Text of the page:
Now the length of time the Israelite people lived in Egypt was 430 years. Is this in contradiction with Gen. 15:13, which says 400 years? No, because Exodus gives the number of years that the people lived in Egypt; Genesis gives the number of years they would be enslaved and mistreated -- the enslavement/mistreatment did not start right away! he promises were made to Abraham and his seed. The last statement of promise recorded was to Jacob (Gen. 28:15), and that is where the 430 years dates from.
    Exodus 13:17
    Is the mention of the Philistines an anachronism? This foundational article deals with the general problem of alleged Biblical anachronisms and links to an answer to the issue of this verse.
    Exodus 15:3
    Is God a God of war, or peace?
    Exodus 15-17
    "Why isn't there more documentation of the spectacular splitting of the Red Sea?" [Off Site] -- part of a larger essay
    Exodus 17:2-7
    Does this pericope support the JEDP hypothesis?
    Exodus 20
  • Which is the real Ten Commandments?
  • Did the Israelites "rip off" their laws from Hammurabi or elsewhere?
  • Exodus 20:4
    Does the Bible indicate violations of the command against graven images?
    Exodus 20:5
    "This says that God is a jealous God! Isn't jealousy a sin??" -- The word for "jealousy" in this form is used less than half a dozen times in the OT, and always is used to describe God. Nowhere is this word described as a sin. A related word is used to describe a husband who worries that his wife is walking out on him (Numbers 5). Sarna (Exodus commentary, 110) notes that the root of the word means "to become intensely red" and that it can refer to ardor, zeal, rage, or jealosuly. Paul knows of a godly jealousy (2 Cor. 11:2), so is this a sin as we understand it? Jealousy is part of God's nature because it is demanded by who He is -- He is the only being who can indeed say He has a right to be jealous, since He is the only one who truly deserves utter respect and devotion. Malina in The New Testament World [126-7] adds that in the context of an honor-based world, jealousy was "a form of protectiveness that would ward off the envious and their machinations." It is a behavior that an honorable person is expected to "exhibit towards that which he or she is perceived to possess exclusive access." Thus for God to be jealous here is not a vice in context, but a supreme virtue and demonstration of His concern for Israel. (For more, see here.) [Off Site]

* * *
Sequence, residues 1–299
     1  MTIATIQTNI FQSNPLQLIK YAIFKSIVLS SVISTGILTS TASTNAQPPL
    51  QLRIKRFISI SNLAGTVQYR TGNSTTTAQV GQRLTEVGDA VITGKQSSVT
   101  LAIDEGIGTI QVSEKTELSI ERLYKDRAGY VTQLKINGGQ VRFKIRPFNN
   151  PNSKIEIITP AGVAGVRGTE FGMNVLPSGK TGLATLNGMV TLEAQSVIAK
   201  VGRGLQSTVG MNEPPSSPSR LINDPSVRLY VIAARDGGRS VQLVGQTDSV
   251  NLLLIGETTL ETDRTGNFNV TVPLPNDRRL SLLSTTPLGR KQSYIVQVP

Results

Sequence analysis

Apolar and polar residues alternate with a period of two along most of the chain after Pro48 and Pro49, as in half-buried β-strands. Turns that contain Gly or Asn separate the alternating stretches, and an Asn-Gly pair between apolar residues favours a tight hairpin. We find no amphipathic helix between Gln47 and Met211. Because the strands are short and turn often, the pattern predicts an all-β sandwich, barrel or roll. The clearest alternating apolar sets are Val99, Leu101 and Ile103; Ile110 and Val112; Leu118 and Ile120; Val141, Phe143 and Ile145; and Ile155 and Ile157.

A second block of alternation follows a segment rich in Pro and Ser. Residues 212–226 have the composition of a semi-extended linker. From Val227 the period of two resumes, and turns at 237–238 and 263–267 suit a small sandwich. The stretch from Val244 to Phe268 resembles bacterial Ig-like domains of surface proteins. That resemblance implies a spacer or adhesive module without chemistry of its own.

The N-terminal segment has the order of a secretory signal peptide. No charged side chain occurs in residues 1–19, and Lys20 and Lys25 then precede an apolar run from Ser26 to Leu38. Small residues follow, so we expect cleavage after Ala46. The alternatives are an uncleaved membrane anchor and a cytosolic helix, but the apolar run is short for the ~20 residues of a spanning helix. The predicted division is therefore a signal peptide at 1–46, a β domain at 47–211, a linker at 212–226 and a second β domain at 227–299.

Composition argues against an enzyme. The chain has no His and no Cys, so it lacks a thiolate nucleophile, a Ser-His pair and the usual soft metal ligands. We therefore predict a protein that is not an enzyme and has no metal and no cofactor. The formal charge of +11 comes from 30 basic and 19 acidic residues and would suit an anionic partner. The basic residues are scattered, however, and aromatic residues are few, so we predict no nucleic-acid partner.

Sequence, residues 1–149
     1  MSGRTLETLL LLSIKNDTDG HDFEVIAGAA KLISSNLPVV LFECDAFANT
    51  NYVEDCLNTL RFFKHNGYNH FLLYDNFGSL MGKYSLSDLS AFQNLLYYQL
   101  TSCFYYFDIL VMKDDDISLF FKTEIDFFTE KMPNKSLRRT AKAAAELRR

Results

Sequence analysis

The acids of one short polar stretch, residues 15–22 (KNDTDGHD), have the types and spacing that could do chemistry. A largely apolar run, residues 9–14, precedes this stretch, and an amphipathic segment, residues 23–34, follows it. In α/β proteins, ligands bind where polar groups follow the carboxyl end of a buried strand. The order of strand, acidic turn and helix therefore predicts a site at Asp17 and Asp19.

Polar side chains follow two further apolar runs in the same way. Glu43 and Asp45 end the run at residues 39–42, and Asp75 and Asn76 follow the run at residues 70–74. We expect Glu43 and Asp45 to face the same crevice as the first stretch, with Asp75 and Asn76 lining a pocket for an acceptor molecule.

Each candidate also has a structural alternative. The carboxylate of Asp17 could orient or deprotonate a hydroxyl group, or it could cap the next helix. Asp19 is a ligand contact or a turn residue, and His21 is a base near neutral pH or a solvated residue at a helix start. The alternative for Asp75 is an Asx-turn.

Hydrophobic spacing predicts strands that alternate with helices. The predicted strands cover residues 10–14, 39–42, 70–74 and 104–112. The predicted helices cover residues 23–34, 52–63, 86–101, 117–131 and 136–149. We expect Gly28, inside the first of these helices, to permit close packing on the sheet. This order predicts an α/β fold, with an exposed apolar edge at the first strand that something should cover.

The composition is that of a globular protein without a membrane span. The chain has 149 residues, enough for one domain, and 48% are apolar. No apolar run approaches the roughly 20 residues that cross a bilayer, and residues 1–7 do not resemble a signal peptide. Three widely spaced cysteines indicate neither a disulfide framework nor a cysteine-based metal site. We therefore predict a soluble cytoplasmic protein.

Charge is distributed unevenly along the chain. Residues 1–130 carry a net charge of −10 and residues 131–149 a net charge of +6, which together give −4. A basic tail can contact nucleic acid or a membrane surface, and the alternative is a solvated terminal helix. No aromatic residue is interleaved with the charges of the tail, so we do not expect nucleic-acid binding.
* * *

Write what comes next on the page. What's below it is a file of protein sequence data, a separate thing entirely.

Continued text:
Exodus 20:13
    How can God say "Thou shalt not kill" yet order and perform so many killings? -- an exegesis of this famous command.
    Exodus 20:17
    Is the Bible contradictory about coveting?
    Exodus 20:26
  • "Why does God care so much about exposure?"
  • Does this contradict the demand for centralized worship?
  • Exodus 21:22-5
    On this verse -- and abortion
    Exodus 22:2-3
    Is this law absurd?
    Exodus 22:29
    Does God endorse human sacrifice?
    Exodus 22:31
    Is the law contradictory about eating carrion?
    Exodus 23:20-33
    Did God fail on his promise of land?
    Exodus 23:31
    Is the mention of the Philistines an anachronism? This foundational article deals with the general problem of alleged Biblical anachronisms and links to an answer to the issue of this verse.
    Exodus 24:9-11
    Can God be seen, or not?
    Exodus 25:18
    Does this verse violate the command against graven images?
    Exodus 28:42-3
    Silly complaint: "Why does God care so much about underwear???"
    Exodus 31:17
    Does God ever get tired?
    Exodus 32:14
    Does God change his mind?
    Exodus 33:20
    Can God be seen, or not?
    Exodus 34
    Which is the real Ten Commandments?